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From Angola to Today: A Conversation on History, Race, and Social Justice in Manatee County
From the slave raid that destroyed the maroon community of Angola in 1821, to the enslaved in the village of Manatee, Jim Crow laws, local lynchings, and the Civil Rights movement of the 20th Century, themes of racial injustice are a little known or seldom acknowledged part of Manatee County’s history. A panel of scholars and community leaders will discuss the impacts of this history and how today’s social justice movement can improve the future for our community. Organized and sponsored by Reflections of Manatee. This program is funded in part by a Florida Humanities Community Project Grant in partnership with Reflections of Manatee, Inc.
Date/time: February 23 @ 6:00 pm - 7:30 pm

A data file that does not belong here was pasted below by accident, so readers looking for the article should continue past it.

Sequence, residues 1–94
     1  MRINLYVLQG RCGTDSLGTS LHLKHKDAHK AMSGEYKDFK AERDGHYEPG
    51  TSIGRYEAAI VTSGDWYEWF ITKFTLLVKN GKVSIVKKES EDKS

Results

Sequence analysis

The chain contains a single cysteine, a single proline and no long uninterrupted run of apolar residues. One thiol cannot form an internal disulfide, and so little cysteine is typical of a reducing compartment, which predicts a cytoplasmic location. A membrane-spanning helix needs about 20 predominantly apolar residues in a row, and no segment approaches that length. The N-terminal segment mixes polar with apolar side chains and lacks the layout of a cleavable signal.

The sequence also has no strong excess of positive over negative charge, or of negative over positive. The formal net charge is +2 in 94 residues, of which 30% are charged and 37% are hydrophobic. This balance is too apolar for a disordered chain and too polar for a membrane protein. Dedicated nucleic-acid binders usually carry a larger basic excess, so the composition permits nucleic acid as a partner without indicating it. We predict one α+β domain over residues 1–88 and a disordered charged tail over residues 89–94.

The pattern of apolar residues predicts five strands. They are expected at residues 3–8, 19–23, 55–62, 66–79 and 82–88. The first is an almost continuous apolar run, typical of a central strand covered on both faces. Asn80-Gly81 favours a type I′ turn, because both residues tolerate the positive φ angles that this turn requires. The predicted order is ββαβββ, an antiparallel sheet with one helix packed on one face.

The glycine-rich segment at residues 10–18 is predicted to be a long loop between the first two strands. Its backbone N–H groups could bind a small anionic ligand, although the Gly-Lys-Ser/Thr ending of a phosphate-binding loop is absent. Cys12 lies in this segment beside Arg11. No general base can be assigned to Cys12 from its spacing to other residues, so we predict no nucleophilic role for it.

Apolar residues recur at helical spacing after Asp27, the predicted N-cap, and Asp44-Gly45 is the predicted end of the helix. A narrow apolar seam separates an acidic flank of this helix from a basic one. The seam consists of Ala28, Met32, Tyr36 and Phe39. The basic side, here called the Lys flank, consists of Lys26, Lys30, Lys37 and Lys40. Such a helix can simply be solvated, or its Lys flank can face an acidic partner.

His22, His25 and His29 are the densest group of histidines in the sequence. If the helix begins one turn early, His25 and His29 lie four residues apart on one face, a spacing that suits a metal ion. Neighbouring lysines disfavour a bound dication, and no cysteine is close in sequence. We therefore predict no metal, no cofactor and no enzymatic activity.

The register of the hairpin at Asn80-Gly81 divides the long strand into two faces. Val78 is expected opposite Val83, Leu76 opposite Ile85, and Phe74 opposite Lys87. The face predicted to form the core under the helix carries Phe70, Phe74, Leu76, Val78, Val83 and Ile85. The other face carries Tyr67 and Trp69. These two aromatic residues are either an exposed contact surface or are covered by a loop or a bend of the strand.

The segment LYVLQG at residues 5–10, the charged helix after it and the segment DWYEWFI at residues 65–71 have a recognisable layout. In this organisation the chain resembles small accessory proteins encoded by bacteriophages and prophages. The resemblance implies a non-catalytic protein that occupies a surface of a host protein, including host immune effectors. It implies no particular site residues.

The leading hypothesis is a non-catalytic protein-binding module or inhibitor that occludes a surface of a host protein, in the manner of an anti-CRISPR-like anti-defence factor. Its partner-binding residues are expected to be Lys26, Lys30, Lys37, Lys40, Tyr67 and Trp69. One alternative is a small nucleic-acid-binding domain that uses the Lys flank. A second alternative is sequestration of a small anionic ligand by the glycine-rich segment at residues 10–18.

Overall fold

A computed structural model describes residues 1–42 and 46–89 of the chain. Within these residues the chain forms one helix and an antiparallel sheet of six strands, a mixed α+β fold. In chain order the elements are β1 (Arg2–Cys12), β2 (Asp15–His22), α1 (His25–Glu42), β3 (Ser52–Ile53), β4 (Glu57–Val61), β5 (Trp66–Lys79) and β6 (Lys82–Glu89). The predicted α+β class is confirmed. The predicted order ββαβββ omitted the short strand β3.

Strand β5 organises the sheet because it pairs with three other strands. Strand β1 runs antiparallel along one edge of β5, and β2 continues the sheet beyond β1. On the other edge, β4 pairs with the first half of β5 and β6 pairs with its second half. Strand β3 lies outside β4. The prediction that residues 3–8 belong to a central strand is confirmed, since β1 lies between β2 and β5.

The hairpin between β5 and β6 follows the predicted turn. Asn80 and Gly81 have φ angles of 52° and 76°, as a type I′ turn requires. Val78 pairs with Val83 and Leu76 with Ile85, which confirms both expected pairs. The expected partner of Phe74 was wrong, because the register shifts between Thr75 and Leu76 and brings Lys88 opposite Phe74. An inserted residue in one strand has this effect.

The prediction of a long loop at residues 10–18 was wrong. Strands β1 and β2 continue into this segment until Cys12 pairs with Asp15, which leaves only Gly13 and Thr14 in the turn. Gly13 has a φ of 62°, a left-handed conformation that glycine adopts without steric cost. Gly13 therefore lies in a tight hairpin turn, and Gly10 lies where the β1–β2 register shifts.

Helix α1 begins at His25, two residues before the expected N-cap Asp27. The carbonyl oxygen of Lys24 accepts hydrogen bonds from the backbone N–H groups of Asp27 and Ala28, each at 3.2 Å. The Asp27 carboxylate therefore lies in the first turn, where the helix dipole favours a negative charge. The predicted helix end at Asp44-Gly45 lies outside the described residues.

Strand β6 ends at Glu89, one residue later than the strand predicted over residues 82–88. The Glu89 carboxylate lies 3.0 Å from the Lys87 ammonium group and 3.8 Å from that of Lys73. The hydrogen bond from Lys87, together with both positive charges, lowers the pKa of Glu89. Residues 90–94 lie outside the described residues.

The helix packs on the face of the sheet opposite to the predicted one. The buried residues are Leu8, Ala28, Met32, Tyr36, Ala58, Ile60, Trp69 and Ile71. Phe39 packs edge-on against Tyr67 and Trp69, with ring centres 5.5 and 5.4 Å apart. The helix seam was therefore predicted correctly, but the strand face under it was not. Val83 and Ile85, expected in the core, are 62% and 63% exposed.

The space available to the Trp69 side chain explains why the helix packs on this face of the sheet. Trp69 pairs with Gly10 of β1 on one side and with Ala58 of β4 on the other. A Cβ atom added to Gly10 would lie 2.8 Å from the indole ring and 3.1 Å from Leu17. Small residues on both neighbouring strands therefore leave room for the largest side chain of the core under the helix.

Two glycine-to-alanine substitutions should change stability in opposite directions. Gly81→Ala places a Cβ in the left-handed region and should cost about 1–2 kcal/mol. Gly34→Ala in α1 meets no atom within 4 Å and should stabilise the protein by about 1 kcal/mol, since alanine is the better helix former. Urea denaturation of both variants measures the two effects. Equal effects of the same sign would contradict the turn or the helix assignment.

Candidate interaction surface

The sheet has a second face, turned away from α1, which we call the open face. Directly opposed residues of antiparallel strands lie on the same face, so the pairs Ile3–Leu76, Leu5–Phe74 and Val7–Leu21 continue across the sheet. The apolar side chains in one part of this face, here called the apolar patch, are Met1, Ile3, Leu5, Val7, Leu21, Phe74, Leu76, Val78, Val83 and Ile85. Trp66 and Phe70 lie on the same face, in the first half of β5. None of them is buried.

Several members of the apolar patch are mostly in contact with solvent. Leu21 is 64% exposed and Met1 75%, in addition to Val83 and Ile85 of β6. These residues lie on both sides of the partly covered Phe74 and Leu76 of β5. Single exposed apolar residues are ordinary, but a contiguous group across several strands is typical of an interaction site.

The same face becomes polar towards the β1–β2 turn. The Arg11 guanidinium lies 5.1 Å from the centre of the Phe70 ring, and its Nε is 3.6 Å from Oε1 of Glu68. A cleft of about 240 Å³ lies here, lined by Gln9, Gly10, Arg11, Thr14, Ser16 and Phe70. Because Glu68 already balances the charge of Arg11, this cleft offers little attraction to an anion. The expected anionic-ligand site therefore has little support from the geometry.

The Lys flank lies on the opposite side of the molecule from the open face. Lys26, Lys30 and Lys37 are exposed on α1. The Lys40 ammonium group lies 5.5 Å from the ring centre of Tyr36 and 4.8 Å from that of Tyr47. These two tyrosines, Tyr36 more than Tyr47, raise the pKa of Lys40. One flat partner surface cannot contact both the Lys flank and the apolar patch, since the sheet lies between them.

Presented By:Dr. Uzi Baram, Professor of Anthropology at New College of Florida, Director of the New College Public Archaeology Lab, lead archaeologist on the Looking for Angola project; Renee Gilmore, ABC7/Sarasota, executive producer and host of ABC7's Empowering Voices; Dr. Julie Armstrong, Professor at University of South Florida, a civil rights and southern literature scholar; Rev. James T. Golden, Manatee School Board, former pastor at Bradenton's Ward Temple African Methodist Episcopal Church, former Bradenton City Councilman; Jacqueline Hubbard, President of the St. Petersburg branch of Association for the Study of African American Life and History; Louis A. Parker, Co-founder and CEO of the Visible Men Academy